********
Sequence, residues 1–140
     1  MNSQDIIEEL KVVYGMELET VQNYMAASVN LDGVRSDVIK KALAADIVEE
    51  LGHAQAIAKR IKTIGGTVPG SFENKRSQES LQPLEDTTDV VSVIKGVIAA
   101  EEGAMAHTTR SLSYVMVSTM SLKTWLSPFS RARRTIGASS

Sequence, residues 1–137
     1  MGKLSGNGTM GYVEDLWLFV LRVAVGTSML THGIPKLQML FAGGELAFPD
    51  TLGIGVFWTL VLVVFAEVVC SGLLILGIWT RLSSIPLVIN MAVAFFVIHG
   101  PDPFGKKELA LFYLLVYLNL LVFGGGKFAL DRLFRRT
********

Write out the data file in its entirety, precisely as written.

Sequence, residues 1–140
     1  MNSQDIIEEL KVVYGMELET VQNYMAASVN LDGVRSDVIK KALAADIVEE
    51  LGHAQAIAKR IKTIGGTVPG SFENKRSQES LQPLEDTTDV VSVIKGVIAA
   101  EEGAMAHTTR SLSYVMVSTM SLKTWLSPFS RARRTIGASS

Sequence, residues 1–137
     1  MGKLSGNGTM GYVEDLWLFV LRVAVGTSML THGIPKLQML FAGGELAFPD
    51  TLGIGVFWTL VLVVFAEVVC SGLLILGIWT RLSSIPLVIN MAVAFFVIHG
   101  PDPFGKKELA LFYLLVYLNL LVFGGGKFAL DRLFRRT